This code sets the email to be a plain text email. If you wanted to use HTML in the email then you’d change line 3 from text/plain to text/html. The last line uses a variable which we’ll set at the top of the file, just a simple To email address, so that you don’t have to change it everywhere if you want to change your email in the future.

Then finally we have the code to send the email:

mail($to_email, $subject, $message, $headers);

Again, the $subject will be set at the start, so that you don’t have to go poking around the code once it’s all set up.

You’ve then got two options once the email is sent. You can either return a thank you message on the same page, or redirect the user to a thank you page. Personally I opt for the latter and use the code

header("Location:https://".$_SERVER['HTTP_HOST']."/".$redirect);

Where $redirect is the path to the thank you page on your site from the root eg. “contact-form/thank-you/”.

Final Functions

Just to explain a couple of final functions. These are not essential but as they’re in the final template they just need a brief explanation.

[sourcecode language=”php”]// clean up the form content
foreach ($_POST AS $key => $value) :
if (get_magic_quotes_gpc()) :
$value = stripslashes($value);
endif;

$formstuff[$key] = strip_tags($value);
endforeach;[/sourcecode]

This first function will run through every value submitted in the form and strip and backslashes added by magic quotes (if they’re set to on) and also run strip_tags() which will strip out all HTML tags. Afterall, no one should be sending HTML to you in your contact form 😉 If you want to allow it (considering the email is sent as plain text so the code would just display) then remove line 7.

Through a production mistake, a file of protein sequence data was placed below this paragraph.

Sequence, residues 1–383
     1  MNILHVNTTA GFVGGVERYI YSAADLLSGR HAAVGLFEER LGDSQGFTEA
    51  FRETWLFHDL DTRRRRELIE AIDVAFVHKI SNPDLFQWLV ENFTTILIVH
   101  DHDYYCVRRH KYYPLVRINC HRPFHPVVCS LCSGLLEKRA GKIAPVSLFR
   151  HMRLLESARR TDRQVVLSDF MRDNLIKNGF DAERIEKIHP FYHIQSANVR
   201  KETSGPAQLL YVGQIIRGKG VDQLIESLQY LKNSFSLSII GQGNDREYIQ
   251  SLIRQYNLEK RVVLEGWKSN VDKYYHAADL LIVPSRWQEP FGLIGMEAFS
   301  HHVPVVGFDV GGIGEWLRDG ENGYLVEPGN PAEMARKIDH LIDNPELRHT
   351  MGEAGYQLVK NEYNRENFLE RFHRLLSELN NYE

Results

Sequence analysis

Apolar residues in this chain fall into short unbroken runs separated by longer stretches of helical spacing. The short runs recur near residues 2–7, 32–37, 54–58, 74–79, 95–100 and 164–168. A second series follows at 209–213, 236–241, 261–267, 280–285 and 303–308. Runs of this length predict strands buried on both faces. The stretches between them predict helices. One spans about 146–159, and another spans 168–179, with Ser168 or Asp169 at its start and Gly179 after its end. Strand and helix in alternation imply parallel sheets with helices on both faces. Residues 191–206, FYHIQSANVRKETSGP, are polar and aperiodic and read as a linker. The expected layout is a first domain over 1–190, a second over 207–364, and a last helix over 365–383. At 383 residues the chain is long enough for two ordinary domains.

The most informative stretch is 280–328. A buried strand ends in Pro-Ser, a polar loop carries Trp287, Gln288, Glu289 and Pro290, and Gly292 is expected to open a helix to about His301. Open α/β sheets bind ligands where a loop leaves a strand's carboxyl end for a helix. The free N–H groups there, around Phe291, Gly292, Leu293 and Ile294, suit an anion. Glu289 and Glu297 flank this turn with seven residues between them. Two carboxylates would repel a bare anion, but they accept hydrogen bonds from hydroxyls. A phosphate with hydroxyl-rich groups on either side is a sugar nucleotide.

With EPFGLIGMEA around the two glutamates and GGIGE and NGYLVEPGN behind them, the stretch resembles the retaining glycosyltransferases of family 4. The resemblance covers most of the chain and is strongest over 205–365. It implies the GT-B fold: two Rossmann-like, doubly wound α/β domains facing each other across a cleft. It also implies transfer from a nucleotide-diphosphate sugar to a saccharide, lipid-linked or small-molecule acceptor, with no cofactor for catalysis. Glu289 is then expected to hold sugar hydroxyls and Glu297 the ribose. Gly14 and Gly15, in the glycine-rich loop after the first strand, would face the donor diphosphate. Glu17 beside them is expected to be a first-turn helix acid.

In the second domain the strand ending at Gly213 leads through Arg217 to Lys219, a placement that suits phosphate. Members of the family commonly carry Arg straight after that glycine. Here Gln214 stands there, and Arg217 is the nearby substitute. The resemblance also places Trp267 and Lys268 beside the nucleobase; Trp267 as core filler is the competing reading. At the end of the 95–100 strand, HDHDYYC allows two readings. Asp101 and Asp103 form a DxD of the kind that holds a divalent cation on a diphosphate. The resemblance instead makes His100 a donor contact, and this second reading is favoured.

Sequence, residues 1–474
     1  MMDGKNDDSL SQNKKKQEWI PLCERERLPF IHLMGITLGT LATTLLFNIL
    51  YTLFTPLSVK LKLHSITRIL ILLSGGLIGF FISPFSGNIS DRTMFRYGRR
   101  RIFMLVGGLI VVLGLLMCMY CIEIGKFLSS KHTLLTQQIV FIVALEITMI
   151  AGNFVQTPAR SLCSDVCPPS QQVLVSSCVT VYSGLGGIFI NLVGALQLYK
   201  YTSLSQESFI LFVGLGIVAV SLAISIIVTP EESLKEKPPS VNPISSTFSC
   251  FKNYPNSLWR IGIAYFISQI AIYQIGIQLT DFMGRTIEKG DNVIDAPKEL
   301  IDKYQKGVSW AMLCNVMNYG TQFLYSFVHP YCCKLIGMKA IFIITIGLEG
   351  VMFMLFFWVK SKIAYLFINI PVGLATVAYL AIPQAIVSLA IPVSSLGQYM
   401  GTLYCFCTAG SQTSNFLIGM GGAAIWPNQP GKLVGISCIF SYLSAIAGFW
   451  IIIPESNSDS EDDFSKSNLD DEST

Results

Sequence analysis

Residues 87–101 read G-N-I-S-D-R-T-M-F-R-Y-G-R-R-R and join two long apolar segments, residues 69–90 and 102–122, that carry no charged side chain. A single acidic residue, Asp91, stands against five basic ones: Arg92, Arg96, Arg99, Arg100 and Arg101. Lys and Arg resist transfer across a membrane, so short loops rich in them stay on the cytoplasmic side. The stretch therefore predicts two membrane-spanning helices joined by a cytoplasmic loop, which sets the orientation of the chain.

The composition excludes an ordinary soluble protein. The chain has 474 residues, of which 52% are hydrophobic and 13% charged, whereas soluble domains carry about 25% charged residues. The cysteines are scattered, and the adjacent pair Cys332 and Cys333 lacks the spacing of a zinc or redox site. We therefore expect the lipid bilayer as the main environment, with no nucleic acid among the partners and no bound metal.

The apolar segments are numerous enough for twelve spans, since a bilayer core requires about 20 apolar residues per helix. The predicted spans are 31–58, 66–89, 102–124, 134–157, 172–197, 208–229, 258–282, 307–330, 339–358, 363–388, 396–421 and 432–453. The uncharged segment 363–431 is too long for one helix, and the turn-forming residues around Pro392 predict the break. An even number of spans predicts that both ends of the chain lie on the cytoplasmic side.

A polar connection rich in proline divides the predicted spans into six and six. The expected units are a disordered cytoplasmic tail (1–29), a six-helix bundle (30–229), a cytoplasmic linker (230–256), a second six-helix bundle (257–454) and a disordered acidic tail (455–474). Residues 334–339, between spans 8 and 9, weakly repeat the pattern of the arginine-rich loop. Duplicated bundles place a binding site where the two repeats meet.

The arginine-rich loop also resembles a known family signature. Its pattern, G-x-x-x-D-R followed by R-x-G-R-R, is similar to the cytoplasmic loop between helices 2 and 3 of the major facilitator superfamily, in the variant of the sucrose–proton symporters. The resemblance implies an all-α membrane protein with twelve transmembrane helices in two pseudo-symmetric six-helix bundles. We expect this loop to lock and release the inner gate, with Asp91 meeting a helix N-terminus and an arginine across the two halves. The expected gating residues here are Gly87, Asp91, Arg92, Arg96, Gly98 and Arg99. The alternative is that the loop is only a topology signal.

// function to print out form value, stripping any added backslashes
function get_value ($formvalue) {
if (!empty($_POST[$formvalue])) :
if (get_magic_quotes_gpc()) :
$form_value = stripslashes($_POST[$formvalue]);
endif;
echo $form_value;
endif;
}

This function is used when someone partly completes the form but triggers and error. We want to redisplay their content so that they don’t have to retype it. Again, it just checks if magic quotes are set to on and if they are it strips the backslashes out.

// this is the message if there is one.
if (!empty($error_msg)) :
echo "<ul>\n"; // perhaps style the warning class to a bright colour
echo $error_msg;
echo "</ul>\n";
endif;

Finally the code to echo our our errors that we’ve saved. Again, only used if someone partially completes the form and triggers a validation error. This will display the errors in a list.

Put it all together

Now we can finally put it all together, along with a couple of if statements to check that we can proceed. The final template can be downloaded. It’s well documented so you should be able to run through it all without a problem. You may need to edit the divs and markup around the form to suit your own template, however comparing this to your page.php or index.php file will show you what needs changing.

Leave any questions below and I’ll do my best to help you out. Ideally mention the line number(s) if it’s about the code, that you’re asking about so that I can look it up 🙂